In 1974, Italian designer and artist Enzo Mari launched Project 1123 for the exhibition program at Galleria Milano, in which the furniture designs and papers were available to the public, inviting any individual who is interested in design to build a furniture for himself, during which one obtains a personal experience of design. Enzo Mari called it “Autoproprogettazione,” meaning self-design. Through the idea and methods of self-design and forms designed by a down-to-earth understanding of wood materials, craftsmanship and furniture structures, Project 1123 provides a concretized medium for thinking around design, Enzo Mari in the preface of Autoprogettazione? (second edition, 2002, English supplement, 2017), he wrote：“The quality/quantity ratio is central to all industrial production: quality is determined when the shape of a product doesn’t only ‘appear’ but, when it simply ‘is’.” In this statement, Enzo Mari emphasized that the forms of objects achieve not appearances, but a direct, simple, precise expression of the fundamental core of design. Value was found in such thinking about design by Danh Vo. He developed from Project 1123 xH (a round table 70cm high, 120cm in diameter, see image above) with his grip of the project’s overall design vocabulary a series of wooden structures based on Project 1123. The wooden structures in this series have various sizes, exploring the diversities of diameters, heights, materials for the round surface.
Enzo Mari (1932- ), photo was taken in Enzo Mari’s studio in Milan with models from Project 1123, image from internet.
Enzo Mari, Project 1123×H, Image from autoprogettazione? (English supplement in 2017 which bases on the second Edition in 2002; Page 54), Photo by Wen Peng.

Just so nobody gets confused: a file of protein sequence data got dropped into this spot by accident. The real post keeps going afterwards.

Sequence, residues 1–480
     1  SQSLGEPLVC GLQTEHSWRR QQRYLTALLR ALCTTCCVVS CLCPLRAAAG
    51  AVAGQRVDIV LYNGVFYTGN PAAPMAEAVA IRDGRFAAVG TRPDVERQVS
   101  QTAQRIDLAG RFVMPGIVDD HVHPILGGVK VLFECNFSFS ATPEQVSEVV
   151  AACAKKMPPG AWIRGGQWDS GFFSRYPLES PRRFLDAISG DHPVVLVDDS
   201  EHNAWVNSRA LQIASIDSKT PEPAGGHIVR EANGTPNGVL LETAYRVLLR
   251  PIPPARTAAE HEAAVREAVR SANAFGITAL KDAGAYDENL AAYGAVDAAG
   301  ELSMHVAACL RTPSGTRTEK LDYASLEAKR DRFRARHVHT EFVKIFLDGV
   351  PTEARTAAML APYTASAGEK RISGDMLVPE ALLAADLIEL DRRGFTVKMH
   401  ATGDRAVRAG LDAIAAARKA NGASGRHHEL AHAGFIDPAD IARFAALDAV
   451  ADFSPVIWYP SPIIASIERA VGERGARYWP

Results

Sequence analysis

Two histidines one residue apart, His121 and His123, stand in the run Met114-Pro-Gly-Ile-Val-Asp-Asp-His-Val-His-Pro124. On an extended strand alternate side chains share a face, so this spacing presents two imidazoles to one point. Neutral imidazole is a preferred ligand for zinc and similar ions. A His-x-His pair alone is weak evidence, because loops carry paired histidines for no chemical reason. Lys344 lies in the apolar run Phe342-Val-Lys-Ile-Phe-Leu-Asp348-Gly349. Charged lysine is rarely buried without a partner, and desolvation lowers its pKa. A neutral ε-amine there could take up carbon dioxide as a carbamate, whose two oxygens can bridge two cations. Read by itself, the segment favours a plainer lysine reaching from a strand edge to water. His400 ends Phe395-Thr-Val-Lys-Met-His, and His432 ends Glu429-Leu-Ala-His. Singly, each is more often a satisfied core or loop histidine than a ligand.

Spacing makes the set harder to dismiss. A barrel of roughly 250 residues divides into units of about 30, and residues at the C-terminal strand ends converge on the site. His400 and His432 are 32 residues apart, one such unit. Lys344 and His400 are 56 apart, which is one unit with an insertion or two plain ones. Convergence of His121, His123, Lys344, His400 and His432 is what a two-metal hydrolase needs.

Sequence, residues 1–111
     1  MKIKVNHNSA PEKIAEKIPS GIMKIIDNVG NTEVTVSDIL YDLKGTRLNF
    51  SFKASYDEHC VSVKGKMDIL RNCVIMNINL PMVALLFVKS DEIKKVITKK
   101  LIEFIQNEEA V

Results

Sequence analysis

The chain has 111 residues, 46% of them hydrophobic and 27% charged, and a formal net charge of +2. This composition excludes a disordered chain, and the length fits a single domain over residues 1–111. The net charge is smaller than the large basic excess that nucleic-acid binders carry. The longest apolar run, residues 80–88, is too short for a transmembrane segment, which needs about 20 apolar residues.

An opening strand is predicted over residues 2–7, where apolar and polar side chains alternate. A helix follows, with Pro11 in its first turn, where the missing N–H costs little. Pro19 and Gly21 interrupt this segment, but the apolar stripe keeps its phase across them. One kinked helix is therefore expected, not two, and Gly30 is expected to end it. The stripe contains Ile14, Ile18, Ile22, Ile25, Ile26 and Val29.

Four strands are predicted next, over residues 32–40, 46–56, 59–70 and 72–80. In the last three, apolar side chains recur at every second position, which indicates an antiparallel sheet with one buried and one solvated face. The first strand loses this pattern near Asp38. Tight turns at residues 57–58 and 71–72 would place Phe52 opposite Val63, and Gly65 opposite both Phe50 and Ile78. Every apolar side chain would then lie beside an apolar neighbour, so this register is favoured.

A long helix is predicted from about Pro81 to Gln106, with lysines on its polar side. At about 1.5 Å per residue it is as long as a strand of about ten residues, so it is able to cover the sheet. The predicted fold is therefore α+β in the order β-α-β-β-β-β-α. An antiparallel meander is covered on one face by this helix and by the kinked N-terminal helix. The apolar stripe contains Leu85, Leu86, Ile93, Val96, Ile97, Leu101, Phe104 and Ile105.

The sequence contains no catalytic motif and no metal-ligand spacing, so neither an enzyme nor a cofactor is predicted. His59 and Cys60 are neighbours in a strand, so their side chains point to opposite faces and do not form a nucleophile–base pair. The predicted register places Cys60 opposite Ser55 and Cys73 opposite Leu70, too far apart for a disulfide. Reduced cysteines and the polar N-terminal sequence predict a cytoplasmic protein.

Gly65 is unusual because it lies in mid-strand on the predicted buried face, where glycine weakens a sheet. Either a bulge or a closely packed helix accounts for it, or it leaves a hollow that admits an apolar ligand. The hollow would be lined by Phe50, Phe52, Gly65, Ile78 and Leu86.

The fabric that Danh Vo has reintroduced for “Untitled” series is from Nanna Ditzel, the most essential female designer of “Danish Modern” after WWII and thereby her historic fabric design: Hallingdal was rediscovered.
the fabric’s captivating dual nature of Hallingdal 65
Of Nanna Ditzel’s many iconic designs, the fabric Hallingdal has been in continuous production since 1965. Archetypal in its simplicity, Hallingdal is a balanced plain weave that combines two colors of wool and viscose yarn in an extremely durable construction. In describing Hallingdal ’ s durability, Anders Byriel, Kvadrat’s CEO, uses the colloquial term hufterproof, a Dutch expression for “virtual indestructibility,” and adds, “We don’t make products like this anymore.” Hallingdal has been restored to Ditzel’s original color palette from 1965, the fabric comes in 58 colourways. The versatile palette includes neutral and strong, primary colours, as well as the designer’s favourite hues: turquoise and pink. And although Nanna Ditzel once remarked that “if a design is timeless, it is never relevant,” she would surely be gratified to see herself proven wrong.
Hallingdal 65’s colourways
Danh Vo: Untitled#22 (Wooden structure inspired by Enzo Mari ́s Autoprogettazione, and fabric designed by Nanna Ditzel); Borrowed Scenery of Danh Vo #1，Mirrored Gardens, 2019. Photo by Wen Peng.
Danh Vo: Untitled#7 (Wooden structure inspired by Enzo Mari ́s Autoprogettazione, and fabric designed by Nanna Ditzel); Borrowed Scenery of Danh Vo #1，Mirrored Gardens, 2019. Photo by Wen Peng.
Apart from the daily utility of the Untitled series( as round Daybeds), Danh Vo transforms them into sculptures or plinths for the installations in the exhibition contexts, seeing them through the lens of sculptures, which together with the sculptures or installations that are placed upon them form a complete assembly of works.
“Danh Vo: Take My Breath Away” exhibition view, national gallery of Denmark, Denmark, 2018. Photos courtesy of National Gallery of Denmark.
“Counterpart: Noguchi for Danh Vo” exhibition view, M+ museum, Hong Kong, 2018. Photos courtesy of Vitamin Archive.